A YOUNG Australian family has been left stranded at Bali airport for more than 24 hours after they claimed their airline refused to let their two-year-old board on an infant ticket.
Melbourne father Xavier Edwards was holidaying with his partner and two daughters, aged four and two, in Bali when he decided to extend the trip to celebrate Zyanna's second birthday on January 24th.
When the 49-year-old father tried to change his booking with Jetstar during the holiday to extend the return date from the 23rd to the 25th, he claimed the online system did not allow him to buy a seat ticket for Zyanna.
Mr Edwards, of St Albans, said he was prepared to pay the difference for a ticket but instead had to pay an infant fee, which was required for passengers two years and under.
When he tried to check in at Bali airport on Thursday night, the airline's ground staff denied boarding for the youngest child, who had turned two years old 24 hours earlier.
Mr Edwards claimed Jetstar staff "demanded" he buy a $900 ticket for Zyanna from Bali to Adelaide, where the family had intended to continue their holiday visiting Glenelg and Adelaide Zoo.
"The original tickets were bought in good faith and correct in all aspects," he said.
"Jetstar has seized on the opportunity to make an extortionist demand of $900 - we could not fly leaving the two-year-old by herself at the airport."
The Jetstar website states: "If your infant is less than two years old on your outbound flight, they won't need an allocated seat on the return flight, even if they turn two during your trip. "This won't apply if your infant was booked on separate bookings for the outbound and return flight."
To make matters worse, check-in closed while the anxious father made phone calls to Australia to resolve the issue with English-speaking staff.
"Being at the Bali airport is very stressful - their (Jetstar) own staff here wanted to let us board and were so apologetic when head office said no," he said.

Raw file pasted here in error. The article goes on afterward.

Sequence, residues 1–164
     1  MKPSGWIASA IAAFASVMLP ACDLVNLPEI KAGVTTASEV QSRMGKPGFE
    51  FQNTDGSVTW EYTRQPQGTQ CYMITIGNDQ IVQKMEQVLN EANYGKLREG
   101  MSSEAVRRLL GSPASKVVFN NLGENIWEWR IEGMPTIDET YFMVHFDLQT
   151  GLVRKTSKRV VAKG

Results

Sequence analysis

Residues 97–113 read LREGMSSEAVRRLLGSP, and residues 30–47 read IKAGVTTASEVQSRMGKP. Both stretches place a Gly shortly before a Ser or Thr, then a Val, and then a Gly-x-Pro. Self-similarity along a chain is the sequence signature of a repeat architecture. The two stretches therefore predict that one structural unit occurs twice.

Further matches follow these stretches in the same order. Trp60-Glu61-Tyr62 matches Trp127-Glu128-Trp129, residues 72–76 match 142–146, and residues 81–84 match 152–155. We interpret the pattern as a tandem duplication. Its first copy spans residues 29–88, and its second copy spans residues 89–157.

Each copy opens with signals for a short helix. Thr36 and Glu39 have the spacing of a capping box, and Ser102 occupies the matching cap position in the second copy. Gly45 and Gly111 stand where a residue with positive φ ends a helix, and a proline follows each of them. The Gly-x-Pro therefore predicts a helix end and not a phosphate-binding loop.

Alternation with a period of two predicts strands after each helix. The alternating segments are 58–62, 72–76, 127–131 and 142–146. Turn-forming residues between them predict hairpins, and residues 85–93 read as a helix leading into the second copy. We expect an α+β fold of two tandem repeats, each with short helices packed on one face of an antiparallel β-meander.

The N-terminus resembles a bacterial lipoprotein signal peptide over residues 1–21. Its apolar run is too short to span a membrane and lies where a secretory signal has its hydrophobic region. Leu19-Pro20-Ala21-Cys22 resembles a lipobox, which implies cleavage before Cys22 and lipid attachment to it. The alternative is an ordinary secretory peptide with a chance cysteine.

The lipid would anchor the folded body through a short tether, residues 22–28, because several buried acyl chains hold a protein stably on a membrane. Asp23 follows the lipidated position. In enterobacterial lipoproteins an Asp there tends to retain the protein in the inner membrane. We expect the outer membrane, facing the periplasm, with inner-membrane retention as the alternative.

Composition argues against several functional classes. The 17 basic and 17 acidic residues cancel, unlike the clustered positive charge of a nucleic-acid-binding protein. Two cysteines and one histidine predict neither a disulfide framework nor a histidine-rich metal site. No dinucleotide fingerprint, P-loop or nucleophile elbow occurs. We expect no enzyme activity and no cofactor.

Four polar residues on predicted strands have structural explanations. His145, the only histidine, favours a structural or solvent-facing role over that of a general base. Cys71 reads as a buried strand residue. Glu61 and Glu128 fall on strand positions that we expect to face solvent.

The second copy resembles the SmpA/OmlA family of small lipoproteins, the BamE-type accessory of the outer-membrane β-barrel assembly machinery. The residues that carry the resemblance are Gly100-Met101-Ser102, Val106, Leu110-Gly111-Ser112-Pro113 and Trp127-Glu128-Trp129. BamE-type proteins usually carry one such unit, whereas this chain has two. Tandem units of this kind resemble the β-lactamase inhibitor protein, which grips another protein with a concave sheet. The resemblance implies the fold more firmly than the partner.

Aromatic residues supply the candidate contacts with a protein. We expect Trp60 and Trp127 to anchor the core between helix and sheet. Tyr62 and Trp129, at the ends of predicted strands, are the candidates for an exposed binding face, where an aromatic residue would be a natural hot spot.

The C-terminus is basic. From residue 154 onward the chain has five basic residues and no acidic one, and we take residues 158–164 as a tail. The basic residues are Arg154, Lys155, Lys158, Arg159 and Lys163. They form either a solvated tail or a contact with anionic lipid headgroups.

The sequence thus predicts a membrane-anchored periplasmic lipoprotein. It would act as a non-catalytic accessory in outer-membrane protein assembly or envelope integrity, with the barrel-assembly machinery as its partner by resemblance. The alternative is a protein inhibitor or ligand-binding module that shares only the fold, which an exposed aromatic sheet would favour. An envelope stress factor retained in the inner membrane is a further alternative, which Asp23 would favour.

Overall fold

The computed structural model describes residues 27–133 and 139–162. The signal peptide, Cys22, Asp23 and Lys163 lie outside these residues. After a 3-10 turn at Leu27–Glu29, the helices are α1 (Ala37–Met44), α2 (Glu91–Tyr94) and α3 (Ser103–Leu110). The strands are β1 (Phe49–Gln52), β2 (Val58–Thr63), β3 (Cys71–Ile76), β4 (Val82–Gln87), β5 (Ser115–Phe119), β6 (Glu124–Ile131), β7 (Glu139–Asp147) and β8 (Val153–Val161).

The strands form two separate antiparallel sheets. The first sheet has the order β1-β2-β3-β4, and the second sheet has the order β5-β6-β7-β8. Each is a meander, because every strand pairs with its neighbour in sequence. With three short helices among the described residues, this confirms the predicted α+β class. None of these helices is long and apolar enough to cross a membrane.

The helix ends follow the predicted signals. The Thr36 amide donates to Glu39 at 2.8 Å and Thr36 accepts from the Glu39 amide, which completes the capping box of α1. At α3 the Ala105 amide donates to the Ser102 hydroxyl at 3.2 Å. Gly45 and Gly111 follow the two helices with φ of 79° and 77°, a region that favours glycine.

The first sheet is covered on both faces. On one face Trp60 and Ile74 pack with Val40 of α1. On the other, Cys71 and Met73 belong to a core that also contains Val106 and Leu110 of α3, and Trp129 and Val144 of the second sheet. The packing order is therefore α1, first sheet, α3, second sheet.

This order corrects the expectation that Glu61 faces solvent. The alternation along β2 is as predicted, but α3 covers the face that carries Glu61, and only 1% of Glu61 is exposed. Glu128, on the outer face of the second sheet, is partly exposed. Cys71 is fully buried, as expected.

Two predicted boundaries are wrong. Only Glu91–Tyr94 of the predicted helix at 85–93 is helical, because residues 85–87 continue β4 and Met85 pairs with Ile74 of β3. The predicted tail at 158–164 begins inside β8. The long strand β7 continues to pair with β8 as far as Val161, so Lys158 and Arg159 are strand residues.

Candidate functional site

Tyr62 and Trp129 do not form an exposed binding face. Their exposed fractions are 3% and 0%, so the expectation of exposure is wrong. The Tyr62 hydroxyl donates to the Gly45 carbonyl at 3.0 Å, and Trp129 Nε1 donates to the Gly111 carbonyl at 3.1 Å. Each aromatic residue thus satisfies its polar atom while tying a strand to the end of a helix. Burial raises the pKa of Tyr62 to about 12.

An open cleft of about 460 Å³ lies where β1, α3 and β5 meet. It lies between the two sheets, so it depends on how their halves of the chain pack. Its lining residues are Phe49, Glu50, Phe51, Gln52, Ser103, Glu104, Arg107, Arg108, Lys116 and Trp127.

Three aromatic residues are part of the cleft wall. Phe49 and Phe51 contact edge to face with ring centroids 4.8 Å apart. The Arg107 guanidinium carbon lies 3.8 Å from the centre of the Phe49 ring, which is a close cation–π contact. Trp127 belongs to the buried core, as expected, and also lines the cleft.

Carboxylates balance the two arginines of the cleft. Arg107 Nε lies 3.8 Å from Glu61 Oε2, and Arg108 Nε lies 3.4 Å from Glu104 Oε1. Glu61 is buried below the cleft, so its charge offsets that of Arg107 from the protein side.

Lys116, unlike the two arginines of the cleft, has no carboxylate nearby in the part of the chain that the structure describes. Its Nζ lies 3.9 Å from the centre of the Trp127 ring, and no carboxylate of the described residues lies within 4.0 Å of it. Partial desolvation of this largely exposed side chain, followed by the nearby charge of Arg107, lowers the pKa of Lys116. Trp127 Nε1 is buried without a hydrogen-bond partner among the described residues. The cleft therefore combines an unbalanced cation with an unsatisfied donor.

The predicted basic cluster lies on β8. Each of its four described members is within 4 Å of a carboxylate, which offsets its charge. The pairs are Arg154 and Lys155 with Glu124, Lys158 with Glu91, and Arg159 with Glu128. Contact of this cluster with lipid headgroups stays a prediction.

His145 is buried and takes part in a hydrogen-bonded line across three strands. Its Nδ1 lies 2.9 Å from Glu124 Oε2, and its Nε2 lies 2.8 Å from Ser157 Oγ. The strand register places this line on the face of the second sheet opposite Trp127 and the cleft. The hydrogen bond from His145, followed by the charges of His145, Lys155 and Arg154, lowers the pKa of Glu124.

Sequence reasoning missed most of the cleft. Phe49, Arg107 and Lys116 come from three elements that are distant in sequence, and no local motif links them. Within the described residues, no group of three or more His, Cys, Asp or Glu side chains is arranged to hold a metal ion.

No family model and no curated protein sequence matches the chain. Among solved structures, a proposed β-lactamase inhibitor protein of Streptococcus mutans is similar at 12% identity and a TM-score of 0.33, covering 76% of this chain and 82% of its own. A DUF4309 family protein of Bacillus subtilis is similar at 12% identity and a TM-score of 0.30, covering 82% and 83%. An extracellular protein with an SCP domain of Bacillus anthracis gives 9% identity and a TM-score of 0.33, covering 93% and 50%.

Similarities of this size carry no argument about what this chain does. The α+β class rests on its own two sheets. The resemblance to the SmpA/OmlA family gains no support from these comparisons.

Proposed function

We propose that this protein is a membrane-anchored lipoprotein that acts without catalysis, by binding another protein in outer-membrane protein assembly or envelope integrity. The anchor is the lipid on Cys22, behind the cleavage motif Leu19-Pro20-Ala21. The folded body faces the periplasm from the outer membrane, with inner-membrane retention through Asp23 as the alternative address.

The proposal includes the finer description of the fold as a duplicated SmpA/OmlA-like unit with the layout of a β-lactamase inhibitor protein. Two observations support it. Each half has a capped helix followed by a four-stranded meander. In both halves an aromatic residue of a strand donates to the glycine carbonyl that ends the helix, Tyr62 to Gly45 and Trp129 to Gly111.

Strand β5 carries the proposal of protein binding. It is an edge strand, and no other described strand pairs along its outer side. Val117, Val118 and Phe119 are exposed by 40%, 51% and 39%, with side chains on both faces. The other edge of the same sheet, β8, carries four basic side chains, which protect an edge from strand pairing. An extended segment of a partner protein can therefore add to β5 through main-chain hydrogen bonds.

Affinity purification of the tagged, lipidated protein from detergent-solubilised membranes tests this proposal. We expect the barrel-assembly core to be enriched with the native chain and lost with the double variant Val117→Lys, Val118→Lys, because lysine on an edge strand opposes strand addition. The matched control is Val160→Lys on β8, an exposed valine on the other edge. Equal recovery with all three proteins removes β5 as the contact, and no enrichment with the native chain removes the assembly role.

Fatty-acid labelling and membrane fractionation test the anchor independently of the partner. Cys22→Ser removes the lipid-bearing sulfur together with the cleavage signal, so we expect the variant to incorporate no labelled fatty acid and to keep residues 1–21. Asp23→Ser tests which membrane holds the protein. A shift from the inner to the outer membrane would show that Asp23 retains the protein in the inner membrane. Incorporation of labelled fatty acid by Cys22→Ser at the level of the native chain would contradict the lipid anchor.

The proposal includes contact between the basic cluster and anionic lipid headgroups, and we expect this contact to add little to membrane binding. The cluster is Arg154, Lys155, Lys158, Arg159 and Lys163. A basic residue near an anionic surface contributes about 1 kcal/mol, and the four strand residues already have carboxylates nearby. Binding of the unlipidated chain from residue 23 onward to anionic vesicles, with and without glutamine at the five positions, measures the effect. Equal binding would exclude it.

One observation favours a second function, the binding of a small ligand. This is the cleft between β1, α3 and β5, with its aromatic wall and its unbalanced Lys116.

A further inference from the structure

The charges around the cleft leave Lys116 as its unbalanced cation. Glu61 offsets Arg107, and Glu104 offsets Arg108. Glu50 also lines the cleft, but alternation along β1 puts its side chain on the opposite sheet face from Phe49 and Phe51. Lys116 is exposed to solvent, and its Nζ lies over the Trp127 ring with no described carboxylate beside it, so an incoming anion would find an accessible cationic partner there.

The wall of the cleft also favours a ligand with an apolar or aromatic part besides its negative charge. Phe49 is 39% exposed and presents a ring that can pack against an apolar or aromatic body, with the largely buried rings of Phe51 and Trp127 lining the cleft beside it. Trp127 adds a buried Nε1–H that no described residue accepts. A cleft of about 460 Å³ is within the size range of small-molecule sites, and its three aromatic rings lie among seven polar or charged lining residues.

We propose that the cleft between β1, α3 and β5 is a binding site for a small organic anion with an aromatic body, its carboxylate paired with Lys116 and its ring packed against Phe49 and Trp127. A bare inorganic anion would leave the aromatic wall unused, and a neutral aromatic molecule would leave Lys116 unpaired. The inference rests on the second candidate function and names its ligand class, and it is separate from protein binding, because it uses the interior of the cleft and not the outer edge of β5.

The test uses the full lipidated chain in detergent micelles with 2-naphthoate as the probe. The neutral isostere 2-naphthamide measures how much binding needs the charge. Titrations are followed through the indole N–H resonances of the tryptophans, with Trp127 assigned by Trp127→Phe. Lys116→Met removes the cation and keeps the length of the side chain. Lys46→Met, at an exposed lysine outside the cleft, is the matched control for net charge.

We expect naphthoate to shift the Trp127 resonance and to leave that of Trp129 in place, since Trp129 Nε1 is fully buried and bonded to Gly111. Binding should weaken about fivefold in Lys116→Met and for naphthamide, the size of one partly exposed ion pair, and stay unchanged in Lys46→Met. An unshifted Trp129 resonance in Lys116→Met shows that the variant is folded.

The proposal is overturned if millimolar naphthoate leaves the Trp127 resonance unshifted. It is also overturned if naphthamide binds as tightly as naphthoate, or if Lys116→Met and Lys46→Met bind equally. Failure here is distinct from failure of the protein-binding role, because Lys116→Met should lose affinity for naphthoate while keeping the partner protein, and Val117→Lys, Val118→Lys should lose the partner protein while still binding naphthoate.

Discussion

"We have two small children still on bottled milk - they are lactose intolerant - and we are down to our last 20 scoops of formula, enough for six more bottles."
Mr Edwards' daughter Michigan, who flew back from Bali several days earlier, had tried to contact Jetstar in Australia, only to be told the family had to buy new tickets.
Mr Edwards said he could not afford the return tickets.
"Their excuse 'ground staff can use their discretion as to who boards', this is a tired refrain one they use to avoid responsibility," he said.
"End of the day Jetstar should at very least honour our tickets and reschedule - however their Aussie staff seem to all trained to be terse, bordering on rude and simply repeat the same old story, complicity in their predatory internal policies.
"We can't even get in contact with a person in a position of authority - this is by design.
"I think Jetstar as an Australian company and with majority Australian customers you think they would be a bit more flexible - leaving a family and two young children stranded in a foreign airport as their preferred method of remedy displays very poor morality towards their duty of care to clients."
Mr Edwards said as a last resort, he is trying to put money together to buy new tickets.
He is planning to visit the Australian consulate at Bali in hopes they could liaise with Jetstar.
A spokeswoman for Jetstar told The Advertiser the airline would investigate the family's situation.
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